Creating Dialogue: Teaching Conversation in the 21st Century Classroom

Like fingerprints, each student comes with their own unique perspective; and on top of that, their perspective will also be influenced by social, cultural and political practices. It is this diversity that makes our lives interesting. When we accept that these differences occur, it gives us the ability to learn, to develop our own ideas and solidify our beliefs through dialog.

Ask your students what it means to argue and many of them will think of the emotional exchanges they have with parents, siblings or friends. You may even witness a physical reaction when they think about their last argument, but as educators, we know that arguments can be so much more than this visceral exchange. Arguments are the driving force behind progress, change, and learning.

Before Google and the vast expanse of knowledge at our fingertips, Plato, Socrates, and other philosophical greats used dialog to come to the truth. “Notice first that most of the works of Plato which are accepted as genuine take the form of dialogues” (Ronald Ferguson, 2006). It is this investigative technique that was used to debunk myths and uncover knowledge that we now know as “science.” Early biology can be linked to critical thinking and questioning from as early as 300 BCE when men such as Aristotle began to observe the world around them and classify living things (DK, 2017).

However, this “simple” method of discovery known to the philosophical greats as observational dialog is becoming a lost art in our 21st Century classrooms. True of all issues worth discussing; especially today’s controversial topics, proper dialog, and debates take preparation and are a skill that needs to be learned. Students need to learn how to listen and respond; an art that is diminishing partially due to social media sites such as Facebook. 81% of the American population has a social media account as of 2017 and 239 million North Americans have an active Facebook account according to Facebook (The Statistic Portal, 2018). Facebook is a platform where anyone can share anything and over the past decade has gone from primarily a personal life sharing a website to a leader in distribution and sharing of news sources. Through the mass sharing of news and information on an online platform people are becoming increasingly good at sharing their opinions without evidence and argumentation, and from behind a keyboard true dialog is suffering.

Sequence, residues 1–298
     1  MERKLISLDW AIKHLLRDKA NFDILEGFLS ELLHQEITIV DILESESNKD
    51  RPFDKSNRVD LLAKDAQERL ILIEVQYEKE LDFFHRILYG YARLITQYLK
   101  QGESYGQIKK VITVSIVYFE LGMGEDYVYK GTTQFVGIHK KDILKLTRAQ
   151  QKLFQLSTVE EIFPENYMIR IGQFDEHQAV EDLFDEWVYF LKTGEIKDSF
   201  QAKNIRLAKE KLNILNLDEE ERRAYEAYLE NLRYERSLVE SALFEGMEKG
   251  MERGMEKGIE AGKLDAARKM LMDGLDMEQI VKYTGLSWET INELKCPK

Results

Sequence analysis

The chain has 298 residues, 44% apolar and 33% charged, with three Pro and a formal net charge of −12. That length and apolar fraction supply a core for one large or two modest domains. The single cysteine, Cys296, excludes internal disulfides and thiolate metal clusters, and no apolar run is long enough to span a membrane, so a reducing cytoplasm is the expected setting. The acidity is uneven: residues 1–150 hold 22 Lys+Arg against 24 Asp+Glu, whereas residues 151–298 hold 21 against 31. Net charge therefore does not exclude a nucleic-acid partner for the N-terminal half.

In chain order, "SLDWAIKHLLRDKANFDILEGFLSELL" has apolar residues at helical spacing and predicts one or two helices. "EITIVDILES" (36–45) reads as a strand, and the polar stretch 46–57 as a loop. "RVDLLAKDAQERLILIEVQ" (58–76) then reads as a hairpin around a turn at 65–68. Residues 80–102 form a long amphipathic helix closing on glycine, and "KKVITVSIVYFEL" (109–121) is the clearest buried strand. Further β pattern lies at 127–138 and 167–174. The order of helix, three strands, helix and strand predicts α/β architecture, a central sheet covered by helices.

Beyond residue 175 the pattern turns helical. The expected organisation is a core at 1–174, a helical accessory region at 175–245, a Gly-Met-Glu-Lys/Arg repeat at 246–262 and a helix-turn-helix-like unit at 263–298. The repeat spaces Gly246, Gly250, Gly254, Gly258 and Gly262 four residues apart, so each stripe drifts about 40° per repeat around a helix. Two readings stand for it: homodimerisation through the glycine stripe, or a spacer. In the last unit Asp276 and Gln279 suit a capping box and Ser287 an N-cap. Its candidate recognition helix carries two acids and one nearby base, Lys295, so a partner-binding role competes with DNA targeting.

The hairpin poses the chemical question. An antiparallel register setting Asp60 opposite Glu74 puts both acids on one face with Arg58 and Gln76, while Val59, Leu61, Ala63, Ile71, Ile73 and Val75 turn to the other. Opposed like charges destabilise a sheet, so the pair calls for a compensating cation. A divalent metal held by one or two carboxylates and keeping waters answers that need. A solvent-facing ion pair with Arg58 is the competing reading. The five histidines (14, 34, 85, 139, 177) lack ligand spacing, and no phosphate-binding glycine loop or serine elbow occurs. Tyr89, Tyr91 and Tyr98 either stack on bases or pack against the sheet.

Aside from preparation, one of the key elements to good debate is listening. One cannot truly debate if they have not first heard, because if we don’t hear, then we cannot judge, summarize, analyze and think critically about the issues and topics which are worth debating, to begin with. All too often, social media presents a topic for debate, which leads too quickly to personal attack. For example,

 

(Facebook, 2018)

This was a discussion posted about a New York Times article on Masculinity. It took all of 3 comments before someone disagreed and proceeded to assault an individual because they had an opinion and argument from reading the article. If this were a debate in the classroom, no teacher would find it appropriate or productive to have this type of response. So how do we, as educators, discourage this type of visceral response and encourage students to keep the debate on the topic, even if they disagree with their peers?

First, it is our job as educators to create a classroom environment that facilitates both comfort and respect, so that students can truly experience the art of conversation. Tackling controversial topics through debate in the classroom encourages critical thinking and analysis skills that are so desperately important in today’s changing world. Students should feel comfortable to have a position and should feel comfortable in defending their position. Secondly, we need to teach our students to listen; to truly listen, before making judgments. “Hearing is the physical ability, while listening is a skill” (Moulesong, 2010). If our students are not adept at listening it leads to misunderstandings and petty squabbles. Finally, teachers need to inspire respect. Respect for diversity, respect for differing opinions and respect for others and themselves.

Respect for diversity, respect for differing opinions and respect for others and themselves. Click To Tweet

Maybe the art of dialog as Plato, Aristotle and Socrates knew it is lost, but that doesn’t mean we shouldn’t endorse discussion and debate in person when we have the opportunity and the means for proper facilitation. Maybe if people are subject to these conversations more often, it might help them to acquire these skills that we seem to be losing in the age of technology.

 

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By |2018-09-24T21:43:06+00:00September 24th, 2018|Opinion|0 Comments

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